Snob Essentials

Widespread Ban on Plastic Microbeads in Scrubs Possibly on the Horizon

Widespread Ban on Plastic Microbeads in Scrubs Possibly on the Horizon

It’s no secret that big companies more often than not try to cut costs with no regard to the effects on the planet or even the consumer as long as it helps their bottom lines. That’s exactly why a few years ago a number of them started using plastic exfoliating beads in their facial and body scrubs – versus natural products like coffee grounds or nuts. The result? Billions of plastic microbeads have now polluted waterways and poisoned fish (the beads soak up toxins in the water which are then absorbed by fish who mistakenly eat the beads thinking they’re food). A few weeks ago it was announced that Illinois will become the first state to ban the manufacture of products with these microbeads by the end of 2018 and the sale of them by the end of 2019. New York and California legislatures are considering similar bans, but until then we can all do our part and avoid any and all scrubs with plastic beads in them – it’s so easy there really is no excuse, plus natural exfoliants not only are more effective, they’re better for your skin and you’ll find plenty of them even in drugstores. Case in point: Nuance’s new Walnut Facial Scrub (at CVS), which retails for just $7.99 and uses fine crushed walnut shells to scrub away dead skin cells.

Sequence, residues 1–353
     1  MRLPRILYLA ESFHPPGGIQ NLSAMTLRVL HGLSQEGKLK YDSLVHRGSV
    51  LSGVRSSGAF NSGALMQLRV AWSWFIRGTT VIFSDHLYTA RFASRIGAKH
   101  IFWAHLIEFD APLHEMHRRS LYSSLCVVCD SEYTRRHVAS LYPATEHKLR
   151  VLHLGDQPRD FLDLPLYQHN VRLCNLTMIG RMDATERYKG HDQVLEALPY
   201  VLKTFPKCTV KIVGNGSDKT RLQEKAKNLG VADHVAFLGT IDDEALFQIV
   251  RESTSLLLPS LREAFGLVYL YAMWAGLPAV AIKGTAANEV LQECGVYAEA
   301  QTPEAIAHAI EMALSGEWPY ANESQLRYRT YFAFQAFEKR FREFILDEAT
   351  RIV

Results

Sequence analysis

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  1. Why does it take so little time for companies to introduce these environmentally destructive ingredients into their products, but it takes 4-5 years to get them out of products? Why 5 years to ban the sale of something that is known to be harmful to the environment? Shaking my head.

    Is there a “scientific” term for these microbeads so that we can identify them on the ingredient lists?